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Little Shop of Horrors Suggestions?  (Read 515 times)
illusionistpuppeteer
« on: July 16, 2017, 04:57:58 pm »

Hello! If any of you have performed the plants in Little Shop of Horrors before, I'm asking for some tips. We get the puppets tomorrow and it'll be kind of different because of how it controls. I'm worried it'll be a floppy-fabric one. Are there any suggestions on how to perform that or make it work more fluently? Also, we can add any changes to the puppets if we wish and we'd like to add a bar on the bottom jaw of pod number 3. Any suggestions on how to do so?
Shawn Sorrell
« Reply #1 on: July 17, 2017, 06:44:03 am »

Where are  you getting the puppets from?  Are they a rental?  It is hard to give advice on how to perhaps modify them without knowing how they where originally constructed. Normally any control for a puppet has to be tided into it's framework.  So for example simply gluing a bar in to the "skin" of a puppet might not work. Look inside and see if you can find the existing framework to tie into.
illusionistpuppeteer
« Reply #2 on: July 21, 2017, 03:17:15 pm »

So, I got to meet them first hand. It's no longer about renovations. It's more about fluency in performance, now. It has rubber skin for the most part. Kind of like the material balloons are made of. So, when I finally get to use them, I know it's going to be easier than a solid puppet, but also more difficult in its own ways because of the material. Any suggestions upon performing? Anything that I should follow to figure out the best method?
Shawn Sorrell
« Reply #3 on: July 22, 2017, 06:40:26 am »

Well again without knowing where the design of the puppets it is kind of hard to give you advice. If they are based on the original designs though one and two should be pretty straight forward hand in mouth puppets. Three is going to be manipulated with your hands over you head and your legs in two of the vines. Four is normally manipulated by levers and a rod you push down on to talk. Really the best advice is practice makes perfect. The same "rules" that apply to any other puppet apply here. You want to make sure that when Audrey is talking that they are looking at the other actor.  Ok I know that Audry does not have eyes but you still need to preform them as if they do. Don't have the mouth point up to the lights if they are talking to someone.

You'll be working blind and syncing with the actor who is voicing Audrey so it is important to listen to the director. Know those lines and if you can get some time with the actor you can practice syncing with them.
Dr Popet
« Reply #4 on: July 24, 2017, 07:34:52 pm »

Listen to Shawn, great advices!
illusionistpuppeteer
« Reply #5 on: July 24, 2017, 08:42:00 pm »

Thank you for the advice! Actually, I'm in quite a pickle, though. I finally got to work with the puppets for the first time today. And they're actually awfully constructed. They're floppy and don't work well at all. The lips are made of a foam rubber material. However, the problem is, the rods (made from pvc) feel like they're about to snap underneath the weight. They left me to find out how to fix up what was wrong with the puppet and I'm so overwhelmed. The puppet's inside has a lot of open space in the front of the nose, if that helps. However, the inside is filled with the same material as a poncho or a garbage bag... I also need to install a latch to keep the jaw closed while I sit idle for most of act I. Because I have to manually hold it shut, causing me to get shaky and more exerted. So, I was wondering if you'd be able to give advice, without having to take apart the framework, which is made from PVC and rubber, how to make it not be so floppy and to figure out how to add one of those latches? Or at least find a way for it to stay closed that won't exert me too much and that will help me keep it still? I appreciate all of your feedback. Thank you very much!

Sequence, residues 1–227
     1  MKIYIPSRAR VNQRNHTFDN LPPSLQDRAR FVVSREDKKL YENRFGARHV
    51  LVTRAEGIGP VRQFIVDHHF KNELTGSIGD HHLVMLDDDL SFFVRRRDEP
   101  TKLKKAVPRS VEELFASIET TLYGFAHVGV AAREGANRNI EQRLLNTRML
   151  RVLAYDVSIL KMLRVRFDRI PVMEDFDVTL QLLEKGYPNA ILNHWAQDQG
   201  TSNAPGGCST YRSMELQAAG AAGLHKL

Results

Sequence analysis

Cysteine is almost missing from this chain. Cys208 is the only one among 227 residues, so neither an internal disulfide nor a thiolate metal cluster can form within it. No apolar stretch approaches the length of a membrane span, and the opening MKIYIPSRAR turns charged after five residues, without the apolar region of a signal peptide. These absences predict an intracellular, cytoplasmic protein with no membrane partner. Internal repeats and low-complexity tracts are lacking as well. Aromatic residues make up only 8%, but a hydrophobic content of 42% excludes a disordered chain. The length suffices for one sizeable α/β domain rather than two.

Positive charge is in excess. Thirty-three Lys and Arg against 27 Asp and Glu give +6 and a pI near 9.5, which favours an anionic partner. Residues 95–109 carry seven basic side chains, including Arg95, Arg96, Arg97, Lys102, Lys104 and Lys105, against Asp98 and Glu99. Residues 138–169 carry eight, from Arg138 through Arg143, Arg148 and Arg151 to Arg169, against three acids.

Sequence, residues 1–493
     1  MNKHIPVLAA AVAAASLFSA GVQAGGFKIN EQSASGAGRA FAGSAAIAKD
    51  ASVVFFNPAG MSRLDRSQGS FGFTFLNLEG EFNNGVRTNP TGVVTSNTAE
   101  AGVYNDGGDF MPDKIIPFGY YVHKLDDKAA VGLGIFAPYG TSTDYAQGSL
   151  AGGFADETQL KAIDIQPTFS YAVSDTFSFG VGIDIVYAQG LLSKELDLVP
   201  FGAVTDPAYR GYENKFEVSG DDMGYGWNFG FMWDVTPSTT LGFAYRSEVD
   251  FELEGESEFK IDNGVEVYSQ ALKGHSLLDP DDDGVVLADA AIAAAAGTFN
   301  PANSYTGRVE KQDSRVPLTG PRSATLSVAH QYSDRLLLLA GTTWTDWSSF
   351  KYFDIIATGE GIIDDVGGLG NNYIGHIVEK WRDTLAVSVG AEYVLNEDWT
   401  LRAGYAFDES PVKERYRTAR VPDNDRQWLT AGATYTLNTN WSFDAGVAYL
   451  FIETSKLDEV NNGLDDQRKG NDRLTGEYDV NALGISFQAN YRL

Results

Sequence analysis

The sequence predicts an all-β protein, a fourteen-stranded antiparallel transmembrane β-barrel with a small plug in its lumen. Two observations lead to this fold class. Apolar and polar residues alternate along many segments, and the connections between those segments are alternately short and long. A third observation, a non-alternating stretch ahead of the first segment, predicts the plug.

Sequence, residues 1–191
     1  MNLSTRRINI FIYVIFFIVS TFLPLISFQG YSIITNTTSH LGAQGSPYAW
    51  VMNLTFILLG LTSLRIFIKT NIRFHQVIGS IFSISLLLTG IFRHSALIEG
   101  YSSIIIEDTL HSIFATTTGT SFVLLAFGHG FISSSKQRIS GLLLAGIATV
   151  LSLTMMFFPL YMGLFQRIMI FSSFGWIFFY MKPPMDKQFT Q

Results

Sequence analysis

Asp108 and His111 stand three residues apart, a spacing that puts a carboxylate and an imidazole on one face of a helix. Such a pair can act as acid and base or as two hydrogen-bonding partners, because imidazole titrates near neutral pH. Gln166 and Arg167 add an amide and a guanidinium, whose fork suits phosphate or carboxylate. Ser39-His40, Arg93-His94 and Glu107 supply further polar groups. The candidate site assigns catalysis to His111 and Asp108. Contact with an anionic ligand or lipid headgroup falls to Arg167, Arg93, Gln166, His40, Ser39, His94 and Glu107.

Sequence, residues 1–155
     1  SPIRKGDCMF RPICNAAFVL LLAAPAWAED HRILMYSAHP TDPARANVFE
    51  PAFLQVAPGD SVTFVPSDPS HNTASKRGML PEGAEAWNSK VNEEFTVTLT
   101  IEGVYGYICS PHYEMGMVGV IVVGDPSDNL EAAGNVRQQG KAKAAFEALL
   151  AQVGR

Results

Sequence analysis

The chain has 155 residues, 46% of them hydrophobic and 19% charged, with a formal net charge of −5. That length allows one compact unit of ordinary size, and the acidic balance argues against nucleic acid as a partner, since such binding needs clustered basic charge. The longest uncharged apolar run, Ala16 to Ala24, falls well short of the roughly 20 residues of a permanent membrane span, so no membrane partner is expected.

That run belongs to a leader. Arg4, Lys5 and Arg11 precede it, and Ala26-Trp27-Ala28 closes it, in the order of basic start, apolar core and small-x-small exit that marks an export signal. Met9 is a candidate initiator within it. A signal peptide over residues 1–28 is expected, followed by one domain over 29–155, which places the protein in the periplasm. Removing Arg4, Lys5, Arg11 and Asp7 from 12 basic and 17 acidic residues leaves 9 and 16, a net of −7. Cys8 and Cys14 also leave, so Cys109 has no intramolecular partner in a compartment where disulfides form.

Shawn Sorrell
« Reply #6 on: July 25, 2017, 05:41:08 am »

Are we just talking about the largest Audrey? Without seeing images of the actual puppet is is kind of hard to give you guidance.

General ideas would be... we used bungee cords on the big guy to keep is mouth for the most part in the closed position... doubt there is really anything you can do about the pvc since it is structure but I wouldn't worry too much about it as long as  you don't get too carried away with manipulation. Pvc is pretty strong but does have flex in it.

Where are the people you rented this from? They should be able to give you some pointers.
illusionistpuppeteer
« Reply #7 on: July 25, 2017, 11:21:10 am »

It's actually pod 3. I'll send a picture later after rehearsal, today. These puppets were rented from a local theater that made it themselves and then gave it to a school to use, and since any other performances, it has been sitting in an old lady's basement for a while. These puppets are cheaply made and floppy as can be. I haven't gotten to use pod four, but I'll probably have questions. These are made very unorthodox because they're made of like...a rubber and lined with trash bag-material on the inside. I was considering putting a rope around the bars inside to hold it shut during the idle time, but I'm not sure if that's such a good idea.
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